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Bopping through the Biennale, part 2

by Lawrence Bush To read part 1, click here. I’VE NEVER THOUGHT I could be exhausted by art to the point of barely having the strength to write about it, but my experience yesterday in Venice’s Giardini, the public park where nations of the world have permanent pavilions that house art during the Biennale, has done just […]

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Kurtzman Lives!

MAD Magazine’s Maestro of Cultural Insurgency by Paul Buhle From the Summer 2015 issue of Jewish Currents Discussed in this essay: Harvey Kurtzman: The Man Who Created MAD and Revolutionized Humor in America, by Bill Schelly. Fantagraphics, 2015, 644 pages. PERHAPS ONLY TRUE DEVOTEES of MAD magazine are likely to accept Bill Schelly’s claim that […]

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The Urge for Fame: Does It Fade?

by Dusty Sklar “Yet when I surveyed all that my hands had done     and what I had toiled to achieve, everything was meaningless, a chasing after the wind;     nothing was gained under the sun.” —Ecclesiastes MY GOOD FRIEND, Ruth Lilian, still elegant, witty and beautiful at 86, cannot give up her desire to be famous. She […]

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July 24: Alex Katz

Alex Katz, who destroyed some thousand of his own works of art before finding his style in the 1950s — a figurative, cartoonish style that has been called a precursor to Pop Art — was born in Brooklyn on this date in 1927. His flat, mostly large-scale paintings are predominantly portraits and landscapes; his 1968 […]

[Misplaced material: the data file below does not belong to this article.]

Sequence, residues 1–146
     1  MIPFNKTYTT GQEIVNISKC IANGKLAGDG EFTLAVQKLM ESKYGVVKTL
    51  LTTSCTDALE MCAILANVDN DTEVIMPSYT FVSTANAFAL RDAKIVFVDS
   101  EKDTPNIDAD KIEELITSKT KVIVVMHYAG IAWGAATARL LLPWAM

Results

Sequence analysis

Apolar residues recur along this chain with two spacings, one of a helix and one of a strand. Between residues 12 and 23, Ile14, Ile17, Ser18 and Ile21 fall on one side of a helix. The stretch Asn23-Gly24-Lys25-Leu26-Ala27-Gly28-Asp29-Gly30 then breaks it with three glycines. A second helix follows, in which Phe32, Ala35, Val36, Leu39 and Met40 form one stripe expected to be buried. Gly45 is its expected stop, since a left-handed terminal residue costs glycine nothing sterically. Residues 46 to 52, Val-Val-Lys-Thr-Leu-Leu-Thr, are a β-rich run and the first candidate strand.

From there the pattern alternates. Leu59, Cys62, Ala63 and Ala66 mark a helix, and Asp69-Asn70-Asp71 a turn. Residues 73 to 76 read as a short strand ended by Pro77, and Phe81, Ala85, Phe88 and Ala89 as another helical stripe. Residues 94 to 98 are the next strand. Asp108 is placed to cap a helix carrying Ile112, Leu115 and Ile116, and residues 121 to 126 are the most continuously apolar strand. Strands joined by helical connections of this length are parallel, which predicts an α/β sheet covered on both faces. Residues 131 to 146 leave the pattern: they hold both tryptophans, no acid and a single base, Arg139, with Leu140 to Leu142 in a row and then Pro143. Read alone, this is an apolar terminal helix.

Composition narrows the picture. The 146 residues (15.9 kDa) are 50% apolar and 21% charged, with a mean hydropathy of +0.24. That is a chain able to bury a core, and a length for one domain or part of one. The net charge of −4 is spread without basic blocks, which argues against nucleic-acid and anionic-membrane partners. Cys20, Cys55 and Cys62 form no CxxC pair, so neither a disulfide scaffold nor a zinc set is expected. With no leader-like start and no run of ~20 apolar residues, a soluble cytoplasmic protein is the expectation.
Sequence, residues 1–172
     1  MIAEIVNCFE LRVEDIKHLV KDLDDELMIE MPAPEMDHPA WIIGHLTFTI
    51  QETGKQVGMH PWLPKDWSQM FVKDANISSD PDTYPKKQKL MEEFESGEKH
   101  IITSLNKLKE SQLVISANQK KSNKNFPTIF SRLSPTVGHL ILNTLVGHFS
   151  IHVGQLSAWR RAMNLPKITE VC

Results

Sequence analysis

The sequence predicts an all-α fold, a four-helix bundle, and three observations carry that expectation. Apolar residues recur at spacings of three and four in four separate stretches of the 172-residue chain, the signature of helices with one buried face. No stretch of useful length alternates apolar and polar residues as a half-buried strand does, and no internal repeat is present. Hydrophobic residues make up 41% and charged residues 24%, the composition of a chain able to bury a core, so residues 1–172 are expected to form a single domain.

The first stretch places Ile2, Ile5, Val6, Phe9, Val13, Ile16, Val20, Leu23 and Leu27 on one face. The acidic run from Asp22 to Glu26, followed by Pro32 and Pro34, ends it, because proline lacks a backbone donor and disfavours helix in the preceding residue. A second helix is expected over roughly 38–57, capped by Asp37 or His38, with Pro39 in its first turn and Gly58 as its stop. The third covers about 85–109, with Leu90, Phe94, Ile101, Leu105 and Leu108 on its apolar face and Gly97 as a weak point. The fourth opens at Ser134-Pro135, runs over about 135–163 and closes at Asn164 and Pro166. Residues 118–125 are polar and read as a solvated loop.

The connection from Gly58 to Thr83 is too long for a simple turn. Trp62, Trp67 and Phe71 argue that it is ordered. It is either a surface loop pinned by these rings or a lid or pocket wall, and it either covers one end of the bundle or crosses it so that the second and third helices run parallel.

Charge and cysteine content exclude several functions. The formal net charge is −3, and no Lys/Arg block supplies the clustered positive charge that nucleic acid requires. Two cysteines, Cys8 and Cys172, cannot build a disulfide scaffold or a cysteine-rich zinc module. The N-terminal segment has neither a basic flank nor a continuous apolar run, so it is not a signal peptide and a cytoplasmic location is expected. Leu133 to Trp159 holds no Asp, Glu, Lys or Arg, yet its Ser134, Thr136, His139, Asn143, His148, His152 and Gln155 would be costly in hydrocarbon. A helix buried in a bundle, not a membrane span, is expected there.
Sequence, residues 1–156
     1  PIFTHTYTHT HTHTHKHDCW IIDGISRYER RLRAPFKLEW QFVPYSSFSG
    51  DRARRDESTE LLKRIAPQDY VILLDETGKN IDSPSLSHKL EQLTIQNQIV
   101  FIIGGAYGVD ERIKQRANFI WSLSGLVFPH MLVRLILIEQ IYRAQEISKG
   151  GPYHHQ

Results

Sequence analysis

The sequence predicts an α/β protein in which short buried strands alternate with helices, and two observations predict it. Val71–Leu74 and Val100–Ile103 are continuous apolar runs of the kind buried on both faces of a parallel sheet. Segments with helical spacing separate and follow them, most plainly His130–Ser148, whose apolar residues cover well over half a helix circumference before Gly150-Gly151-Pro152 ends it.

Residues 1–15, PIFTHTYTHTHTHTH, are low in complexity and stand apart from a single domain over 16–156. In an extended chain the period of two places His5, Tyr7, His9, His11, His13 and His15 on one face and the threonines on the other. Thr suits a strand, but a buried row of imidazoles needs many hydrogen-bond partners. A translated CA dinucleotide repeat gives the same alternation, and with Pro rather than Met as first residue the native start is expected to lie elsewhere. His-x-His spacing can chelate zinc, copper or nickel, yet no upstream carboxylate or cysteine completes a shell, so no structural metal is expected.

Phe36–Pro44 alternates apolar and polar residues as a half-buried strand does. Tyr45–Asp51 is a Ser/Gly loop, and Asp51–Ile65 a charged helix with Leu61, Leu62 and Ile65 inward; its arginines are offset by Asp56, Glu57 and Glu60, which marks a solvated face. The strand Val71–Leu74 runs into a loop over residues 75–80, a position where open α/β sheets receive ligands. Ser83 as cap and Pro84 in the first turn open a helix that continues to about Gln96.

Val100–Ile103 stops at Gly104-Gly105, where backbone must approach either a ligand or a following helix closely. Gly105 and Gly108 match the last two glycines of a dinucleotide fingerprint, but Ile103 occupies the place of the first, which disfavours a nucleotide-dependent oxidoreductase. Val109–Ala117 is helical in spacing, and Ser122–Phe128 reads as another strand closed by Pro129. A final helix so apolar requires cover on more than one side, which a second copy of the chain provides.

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July 14: Gustav Klimt’s Jewish Models

Austrian painter Gustav Klimt, who led the “Secession” movement of painters and architects from Vienna’s conservative art establishment in 1897, was born on the outskirts of Vienna on this date in 1862. Klimt was Catholic, but he had many Jewish patrons and backers and used several Jewish women as models — including Adele Bloch Bauer, […]

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Rediscovering Ezra Jack Keats

by Helen Engelhardt From the Autumn, 2011 issue of Jewish Currents EZRA JACK KEATS IS KNOWN to many of us as the author of the modern classic children’s book, The Snowy Day, in which a young boy named Peter wakes to find his urban neighborhood transformed by a snowfall in the night. He puts on […]

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May 12: Saul Steinberg

Romanian-born cartoonist and graphic artist Saul Steinberg died at 84 on this date in 1999. A refugee from fascism in Italy, he worked for U.S. military intelligence during World War II while establishing a lifelong relationship with the New Yorker magazine, which had sponsored his entry into the U.S. after publishing one of his cartoons […]

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The Genius and the Gentiles: Chagall’s American Odyssey

by Gary Ferdman It may have been surprising to many to learn that Pope Francis’s two favorite artists are Caravaggio and Marc Chagall, and that the leader of the world’s 1.2 billion-member Catholic church, with its long and inglorious history of anti-Semitism, considers Chagall’s “White Crucifixion” (at right, copyright 2014 Artist Rights Society [ARS], New […]

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March 11: Ezra Jack Keats

Ezra Jack Keats (Jacob Ezra Katz), who transformed children’s literature with his colorful collage-and-ink style and his introduction of African-American children as central characters, was born in poverty in Brooklyn on this date in 1916. His artistic talent was well-recognized by the time he was in high school, but poverty beset him at several junctures […]

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The Jewish Connections of Käthe Kollwitz

by Helen Engelhardt From the Autumn, 2013 issue of Jewish Currents THIS WOMAN has a strong face, a square jaw, a mouth that does not smile, a wide wrist. There is no seductiveness or sensuality in her self-portrait. She is Käthe Kollwitz, a German graphic artist and sculptor (1867-1945) whose work focused almost exclusively on […]

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